According to the latest findings of the Randstad Workmonitor, employers have an increasing need for STEM profiles (Science, Technology, Engineering, and Math), say 42% of the respondents globally. 71% point out that more students should focus on a career in STEM. More than two thirds of the respondents (67%) agree that their employer should invest more in developing digital skills. Finally, if the respondents were 18 years old again, 63% would focus on a study field within STEM and even more (84%) would focus on a study field within digital/online.
Talent sourcing remains challenging
Finding the right talent remains an issue for employers. 57% of the global respondents point out that their employer has trouble in finding the right talent today and even expect it to become increasingly difficult for their employer to find the right talent in the future. In Australia, 73% of the respondents think it’s the most difficult to source the right talent while Norway is at the other end of the scale with 37%.
Digitalization and automation
With regard to the digitalization in their job, 78% say that they feel equipped to deal with this trend. In Mexico, people are even more confident (96%), but in Japan, however, only 42% says so. Only 31% of the respondents expect that their job will be automated within the next 5 to 10 years.
General outlook on economic and financial situation in 2016
On a global level, employees are quite positive for 2016: 58% believe the economic situation in their country will improve in 2016 which is the same as last year. Employees in Australia are the most positive (90%); people in Chile and Greece the least (35% and 19% respectively). 53% of the respondents indicate that their employer performed better financially in 2015 than in 2014, and 71% expects their employer to perform even better in 2016. Although the expectations are high, only 51% expect to receive a raise and 48% to receive a one-time financial bonus at the end of this year.
Quarterly recurring items
Mobility Index a bit down to 109
The number of employees who expect to find another job within the next 6 months slightly dropped to 109 in the last quarter, which results in a rather steady index since 2012. Looking deeper, there are some changes in mobility compared to the last quarter, such as the increases in Malaysia (+5), Canada, Chile and Hong Kong (+3). Contrary to these increases, mobility shows a decline in France (-9), and India and Turkey (-7). In The Netherlands, Denmark, China, Czech Republic and Poland employees haven’t changed their expectations towards mobility.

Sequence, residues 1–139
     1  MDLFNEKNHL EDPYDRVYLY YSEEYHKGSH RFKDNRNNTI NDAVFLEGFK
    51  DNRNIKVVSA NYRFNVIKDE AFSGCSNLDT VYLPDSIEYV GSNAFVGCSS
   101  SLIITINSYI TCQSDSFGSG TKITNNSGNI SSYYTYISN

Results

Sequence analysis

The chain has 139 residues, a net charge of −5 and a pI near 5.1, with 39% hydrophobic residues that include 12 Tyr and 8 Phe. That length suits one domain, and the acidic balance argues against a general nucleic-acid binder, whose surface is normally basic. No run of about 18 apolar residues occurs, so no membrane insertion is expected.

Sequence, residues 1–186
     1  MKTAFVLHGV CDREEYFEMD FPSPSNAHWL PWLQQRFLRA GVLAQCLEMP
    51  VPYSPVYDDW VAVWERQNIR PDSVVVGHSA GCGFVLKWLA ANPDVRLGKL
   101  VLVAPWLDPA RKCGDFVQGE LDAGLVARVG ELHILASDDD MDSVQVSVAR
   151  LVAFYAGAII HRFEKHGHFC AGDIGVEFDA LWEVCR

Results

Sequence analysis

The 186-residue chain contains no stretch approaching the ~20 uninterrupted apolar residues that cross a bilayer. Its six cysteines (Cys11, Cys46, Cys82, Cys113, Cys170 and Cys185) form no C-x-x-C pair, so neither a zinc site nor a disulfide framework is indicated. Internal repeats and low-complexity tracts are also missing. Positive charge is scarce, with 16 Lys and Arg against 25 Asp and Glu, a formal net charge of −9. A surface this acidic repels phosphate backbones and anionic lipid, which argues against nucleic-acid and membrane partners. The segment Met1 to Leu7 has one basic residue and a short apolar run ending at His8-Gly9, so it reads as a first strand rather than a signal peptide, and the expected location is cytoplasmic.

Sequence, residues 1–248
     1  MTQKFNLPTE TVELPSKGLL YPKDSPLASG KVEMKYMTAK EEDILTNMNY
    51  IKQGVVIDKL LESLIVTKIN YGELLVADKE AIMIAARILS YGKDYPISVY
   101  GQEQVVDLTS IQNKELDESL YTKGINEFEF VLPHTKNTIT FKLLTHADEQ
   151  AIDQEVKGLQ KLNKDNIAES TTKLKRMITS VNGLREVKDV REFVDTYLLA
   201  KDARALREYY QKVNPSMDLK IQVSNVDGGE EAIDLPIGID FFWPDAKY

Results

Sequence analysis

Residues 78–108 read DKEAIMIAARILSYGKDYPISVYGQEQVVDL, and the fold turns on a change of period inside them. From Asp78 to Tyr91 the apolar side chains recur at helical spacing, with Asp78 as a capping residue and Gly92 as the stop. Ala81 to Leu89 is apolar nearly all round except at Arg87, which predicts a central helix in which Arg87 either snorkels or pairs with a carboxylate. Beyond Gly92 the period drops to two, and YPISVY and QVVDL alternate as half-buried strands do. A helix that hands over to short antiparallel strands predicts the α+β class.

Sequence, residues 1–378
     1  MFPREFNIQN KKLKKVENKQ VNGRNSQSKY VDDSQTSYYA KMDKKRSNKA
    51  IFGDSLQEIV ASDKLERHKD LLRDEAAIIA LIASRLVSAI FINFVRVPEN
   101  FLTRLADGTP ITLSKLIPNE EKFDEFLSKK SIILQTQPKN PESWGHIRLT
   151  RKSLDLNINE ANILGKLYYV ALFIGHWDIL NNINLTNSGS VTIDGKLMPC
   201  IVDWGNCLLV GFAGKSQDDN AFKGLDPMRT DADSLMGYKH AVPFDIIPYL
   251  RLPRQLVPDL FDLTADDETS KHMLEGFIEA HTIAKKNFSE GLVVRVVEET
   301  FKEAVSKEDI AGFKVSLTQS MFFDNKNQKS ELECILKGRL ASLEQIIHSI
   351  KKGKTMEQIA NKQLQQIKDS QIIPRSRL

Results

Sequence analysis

Actual job change slightly down to 22%
The number of employees worldwide who actually changed jobs in the last six months went slightly down to 22% (compared to 24% in the last quarter). Although mobility in India is among the lowest, they show the highest job change together with Portugal, Turkey, Austria, Australia and Malaysia. Luxembourg has the lowest job change (4%).
The appetite to change jobs increased in Greece, Singapore, Slovakia, Denmark, China and Norway compared to last quarter. The UK, Italy, India, Czech Republic, Brazil, Poland and Japan show a decrease. Employees in Luxembourg and Portugal have the lowest appetite to change jobs.
In 20 countries, more than 70% of the employees are ‘very satisfied’ or ‘satisfied’ with their current employer. In only 1 country, the percentage of employees that are (very) dissatisfied ranks under 25%.
Country data are available in the Global Graphs & Slides at http://www.randstad.com/press/research-reports/.
The Randstad Workmonitor
The Randstad Workmonitor was launched in the Netherlands in 2003, then in Germany, and now covers 34 countries around the world. The last country to join was Portugal in 2014. The study encompasses Europe, Asia Pacific and the Americas. The Randstad Workmonitor is published 4 times a year, making both local and global trends in mobility visible over time.
The Workmonitor’s Mobility Index, which tracks employee confidence and captures the likelihood of an employee changing jobs within the next 6 months, provides a comprehensive understanding of sentiments and trends in the job market. Besides mobility, the survey addresses employee satisfaction and personal motivation as well as a rotating set of themed questions.
The study is conducted online among employees aged 18-65, working a minimum of 24 hours a week in a paid job (not self-employed). Minimum sample size is 400 interviews per country. The Survey Sampling International (SSI) panel is used for sampling purposes. The fourth wave of 2015 was conducted between 21 October and 4 November 2015.